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Expert Insight: Sorting it Out
By Cliff Holste
Date: Oct. 16, 2008

Logistics News: Straight Talk about Warehouse and Distribution Center Automation

The Central Question: Are Highly Sophisticated Automated DCs More Productive than Lower End Conventional Mechanized Operations?

Today, DC management is pressed as never before to reach new heights of productivity. Caught between escalating costs, aggressive competition and a constantly accelerating flow of new technology, today’s distribution executive senses an unrelenting urgency to act. Yet the very complexity of the problem argues hesitation.  Searching, often in vain, for assurances that the decisions made will be the right ones, and that the productivity, efficiency, and throughput goals will be realized.  The central question is - are the highly sophisticated automated DCs more productive than lower end conventional mechanized operations?

Based on my over 3 decades of material handling system experience spread over a variety of project settings, I have found that a high degree of automation does not necessarily equate to high performance.  In fact, a high degree of automation may yield just the opposite effect.  How does that happen??  Excess equipment/control and/or software complexity along with improper justification; inadequate or no operator training; ill-advised experimentation with new methods and/or technologies; subjective decision making; and inflexibility are a few of the issues that come to mind.

Simply designing an automated DC as a tool for productivity is not enough.  \This tool must be properly applied. It must be properly installed.  Operators must be taught to understand its proper use. They must be taught to have faith in its ability; not to fear or suspect it. It must be properly managed. It must be continuously maintained.

Let’s take a closer look.

Complexity and Justification

Supply chain logistics, as it relates to warehousing and order fulfillment processes, is inherently complex and is becoming more so all the time. Automated systems are also inherently complex. Therefore, one must proceed with caution. I remember reading somewhere that by applying complex solutions to an already complex situation you get complexity squared”!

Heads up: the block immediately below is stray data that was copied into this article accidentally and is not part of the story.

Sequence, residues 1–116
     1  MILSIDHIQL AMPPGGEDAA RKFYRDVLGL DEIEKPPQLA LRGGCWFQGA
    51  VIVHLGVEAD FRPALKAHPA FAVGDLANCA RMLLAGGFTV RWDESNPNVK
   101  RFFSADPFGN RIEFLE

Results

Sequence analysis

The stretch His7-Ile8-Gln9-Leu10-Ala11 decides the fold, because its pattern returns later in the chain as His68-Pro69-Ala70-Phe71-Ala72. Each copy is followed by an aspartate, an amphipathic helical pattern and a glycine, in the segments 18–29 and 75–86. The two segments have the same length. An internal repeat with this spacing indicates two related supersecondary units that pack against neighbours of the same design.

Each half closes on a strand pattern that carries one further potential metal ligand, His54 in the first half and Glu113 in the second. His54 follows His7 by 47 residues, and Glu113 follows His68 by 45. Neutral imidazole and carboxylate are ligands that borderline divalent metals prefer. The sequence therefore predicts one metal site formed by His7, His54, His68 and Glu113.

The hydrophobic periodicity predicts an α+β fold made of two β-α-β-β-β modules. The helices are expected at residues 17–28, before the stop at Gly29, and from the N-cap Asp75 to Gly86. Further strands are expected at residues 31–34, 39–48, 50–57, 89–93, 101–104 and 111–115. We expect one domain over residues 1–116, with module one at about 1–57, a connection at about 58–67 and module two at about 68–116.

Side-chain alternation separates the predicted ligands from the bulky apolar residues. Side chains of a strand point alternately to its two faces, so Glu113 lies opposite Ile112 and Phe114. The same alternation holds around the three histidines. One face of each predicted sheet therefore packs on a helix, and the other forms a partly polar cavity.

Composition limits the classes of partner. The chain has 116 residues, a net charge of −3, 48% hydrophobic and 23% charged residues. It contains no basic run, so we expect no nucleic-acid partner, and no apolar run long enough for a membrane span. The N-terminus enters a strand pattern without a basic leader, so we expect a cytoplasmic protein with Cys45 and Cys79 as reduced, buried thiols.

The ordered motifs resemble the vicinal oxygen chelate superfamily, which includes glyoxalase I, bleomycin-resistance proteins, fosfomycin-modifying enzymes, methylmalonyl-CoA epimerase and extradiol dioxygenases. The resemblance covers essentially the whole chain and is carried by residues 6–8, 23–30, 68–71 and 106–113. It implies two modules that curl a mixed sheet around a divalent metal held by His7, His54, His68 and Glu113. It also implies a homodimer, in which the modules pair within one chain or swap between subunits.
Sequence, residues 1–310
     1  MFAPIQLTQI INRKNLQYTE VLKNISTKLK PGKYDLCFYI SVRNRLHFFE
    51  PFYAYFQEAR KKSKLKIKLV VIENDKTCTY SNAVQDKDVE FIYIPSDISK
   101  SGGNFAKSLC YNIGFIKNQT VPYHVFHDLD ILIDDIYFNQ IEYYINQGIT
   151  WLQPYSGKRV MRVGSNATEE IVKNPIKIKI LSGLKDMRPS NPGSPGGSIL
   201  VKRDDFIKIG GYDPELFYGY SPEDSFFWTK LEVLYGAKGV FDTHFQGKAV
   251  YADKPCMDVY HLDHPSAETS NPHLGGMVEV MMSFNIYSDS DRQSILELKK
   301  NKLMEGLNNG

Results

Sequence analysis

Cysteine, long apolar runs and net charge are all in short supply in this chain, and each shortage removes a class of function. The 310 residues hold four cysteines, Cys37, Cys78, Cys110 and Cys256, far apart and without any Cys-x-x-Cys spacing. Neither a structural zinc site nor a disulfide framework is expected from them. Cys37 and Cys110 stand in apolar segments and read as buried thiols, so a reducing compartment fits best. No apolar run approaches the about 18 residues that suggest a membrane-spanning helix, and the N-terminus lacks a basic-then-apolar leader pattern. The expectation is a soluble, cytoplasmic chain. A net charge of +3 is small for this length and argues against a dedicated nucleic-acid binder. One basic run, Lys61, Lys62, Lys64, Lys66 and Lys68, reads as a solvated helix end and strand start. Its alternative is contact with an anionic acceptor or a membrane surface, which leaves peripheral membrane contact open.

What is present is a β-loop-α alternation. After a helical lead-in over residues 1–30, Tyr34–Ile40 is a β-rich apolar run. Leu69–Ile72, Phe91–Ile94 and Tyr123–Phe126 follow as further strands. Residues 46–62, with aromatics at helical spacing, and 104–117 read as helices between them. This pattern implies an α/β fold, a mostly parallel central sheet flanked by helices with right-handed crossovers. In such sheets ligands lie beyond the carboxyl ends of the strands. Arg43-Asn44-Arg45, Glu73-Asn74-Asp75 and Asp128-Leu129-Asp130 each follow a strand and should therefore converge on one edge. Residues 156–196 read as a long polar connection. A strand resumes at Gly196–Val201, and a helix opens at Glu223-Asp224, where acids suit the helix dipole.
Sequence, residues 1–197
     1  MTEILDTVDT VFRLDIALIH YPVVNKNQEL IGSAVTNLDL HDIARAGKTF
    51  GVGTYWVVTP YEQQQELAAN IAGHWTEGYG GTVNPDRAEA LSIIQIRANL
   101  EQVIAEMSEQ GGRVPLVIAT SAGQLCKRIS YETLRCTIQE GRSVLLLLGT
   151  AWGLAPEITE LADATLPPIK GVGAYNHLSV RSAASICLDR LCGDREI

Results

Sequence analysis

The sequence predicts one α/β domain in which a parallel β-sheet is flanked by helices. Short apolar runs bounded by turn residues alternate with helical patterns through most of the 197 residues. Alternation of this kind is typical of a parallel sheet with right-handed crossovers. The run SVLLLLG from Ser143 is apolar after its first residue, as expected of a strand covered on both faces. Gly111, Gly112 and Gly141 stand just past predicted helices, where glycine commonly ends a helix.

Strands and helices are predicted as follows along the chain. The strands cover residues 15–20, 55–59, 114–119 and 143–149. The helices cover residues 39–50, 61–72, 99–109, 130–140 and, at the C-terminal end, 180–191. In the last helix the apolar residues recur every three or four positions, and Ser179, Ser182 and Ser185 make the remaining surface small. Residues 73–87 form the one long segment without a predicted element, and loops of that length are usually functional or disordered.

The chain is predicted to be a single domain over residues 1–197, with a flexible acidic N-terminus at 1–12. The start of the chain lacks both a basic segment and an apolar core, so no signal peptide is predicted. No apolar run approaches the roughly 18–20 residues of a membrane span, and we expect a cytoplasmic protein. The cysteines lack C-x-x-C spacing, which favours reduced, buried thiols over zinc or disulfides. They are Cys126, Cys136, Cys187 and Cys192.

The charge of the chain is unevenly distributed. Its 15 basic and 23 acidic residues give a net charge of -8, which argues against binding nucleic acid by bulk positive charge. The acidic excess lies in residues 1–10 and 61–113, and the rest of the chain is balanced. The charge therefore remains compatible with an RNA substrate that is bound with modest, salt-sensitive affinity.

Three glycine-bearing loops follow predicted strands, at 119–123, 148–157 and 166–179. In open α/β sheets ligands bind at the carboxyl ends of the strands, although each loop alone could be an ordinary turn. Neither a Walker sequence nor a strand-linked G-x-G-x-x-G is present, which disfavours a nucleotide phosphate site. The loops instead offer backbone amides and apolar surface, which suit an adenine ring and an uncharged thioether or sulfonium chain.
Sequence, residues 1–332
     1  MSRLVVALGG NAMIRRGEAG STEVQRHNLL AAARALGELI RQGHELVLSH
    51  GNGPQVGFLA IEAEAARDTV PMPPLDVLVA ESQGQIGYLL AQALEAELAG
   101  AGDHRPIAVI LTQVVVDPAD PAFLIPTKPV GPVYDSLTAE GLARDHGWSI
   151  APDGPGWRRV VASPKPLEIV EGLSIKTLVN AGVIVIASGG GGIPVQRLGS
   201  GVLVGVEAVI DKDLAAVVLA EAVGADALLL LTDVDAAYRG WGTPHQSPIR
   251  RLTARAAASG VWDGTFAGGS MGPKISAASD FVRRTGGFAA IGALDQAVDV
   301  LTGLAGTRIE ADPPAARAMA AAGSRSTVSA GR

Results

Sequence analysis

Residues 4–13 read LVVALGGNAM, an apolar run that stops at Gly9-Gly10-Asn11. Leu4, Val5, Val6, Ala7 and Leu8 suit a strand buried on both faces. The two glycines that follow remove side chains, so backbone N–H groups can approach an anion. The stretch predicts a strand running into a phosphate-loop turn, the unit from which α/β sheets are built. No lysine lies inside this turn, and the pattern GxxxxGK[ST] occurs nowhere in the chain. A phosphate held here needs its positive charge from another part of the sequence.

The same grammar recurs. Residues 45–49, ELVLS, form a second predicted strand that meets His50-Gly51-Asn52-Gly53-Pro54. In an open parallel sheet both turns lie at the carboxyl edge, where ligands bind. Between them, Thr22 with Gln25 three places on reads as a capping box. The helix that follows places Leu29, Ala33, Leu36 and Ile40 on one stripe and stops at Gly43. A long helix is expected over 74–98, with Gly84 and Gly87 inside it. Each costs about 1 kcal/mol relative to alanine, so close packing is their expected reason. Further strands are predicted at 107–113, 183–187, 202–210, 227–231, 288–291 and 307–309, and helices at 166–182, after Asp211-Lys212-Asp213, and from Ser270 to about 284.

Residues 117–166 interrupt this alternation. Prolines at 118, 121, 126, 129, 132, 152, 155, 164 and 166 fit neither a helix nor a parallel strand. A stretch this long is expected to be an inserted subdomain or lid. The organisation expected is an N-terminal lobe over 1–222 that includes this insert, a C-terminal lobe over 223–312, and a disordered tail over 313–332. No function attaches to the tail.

Before going down that path, you should examine all of your operational areas such as, receiving, put-away, picking, value-added services, order consolidation and shipping to determine how they can be simplified and streamlined.  In addition, look for functional improvements in slotting, order batching, pick path routing, and work flow simplification.  These upgrades may yield as much as 20% to 30% improvement in overall productivity, and be realized with a relatively small initial investment.  What remains should be consistent enough to reliably automate.  After these upgrades have been made, a larger investment in automation can be considered and at that point may or may not be justified.  This approach is sometimes referred to as incremental justification, or maybe it’s just common sense.

Training, Audits and Documentation

When considering a multi-million dollar automated material handling system that may include voice and/or light directed batch order picking and sortation with a supporting warehouse management system, extensive operator and maintenance training including proper documentation is essential.  Without it – you are flying blind.  Yet, sometimes in competitive bidding situations this critical requirement can be offered as optional or as a scaled down 1 or 2 day event.

A proper training program will be tailored to your specific needs and customized to the exact equipment, controls, and software systems being provided and at a minimum include the following 3 stages:

First Stage – Maintenance Hands-On

In order to get familiar with the system components as well as their installation and location within the system, your maintenance staff needs to participate during actual installation of the system.

Second Stage – Formalized Training

The purpose here is to ensure that your maintenance and operational staff are acquainted with the functions and operation of the system.  This training should enable your management and operating staff to maintain the operation of the system and at the same time carry out the necessary preventive maintenance and fault corrections provided with the system.  It should include an overview of operation, component identification, functionality, as well as concentration on managerial statistics and their meaning.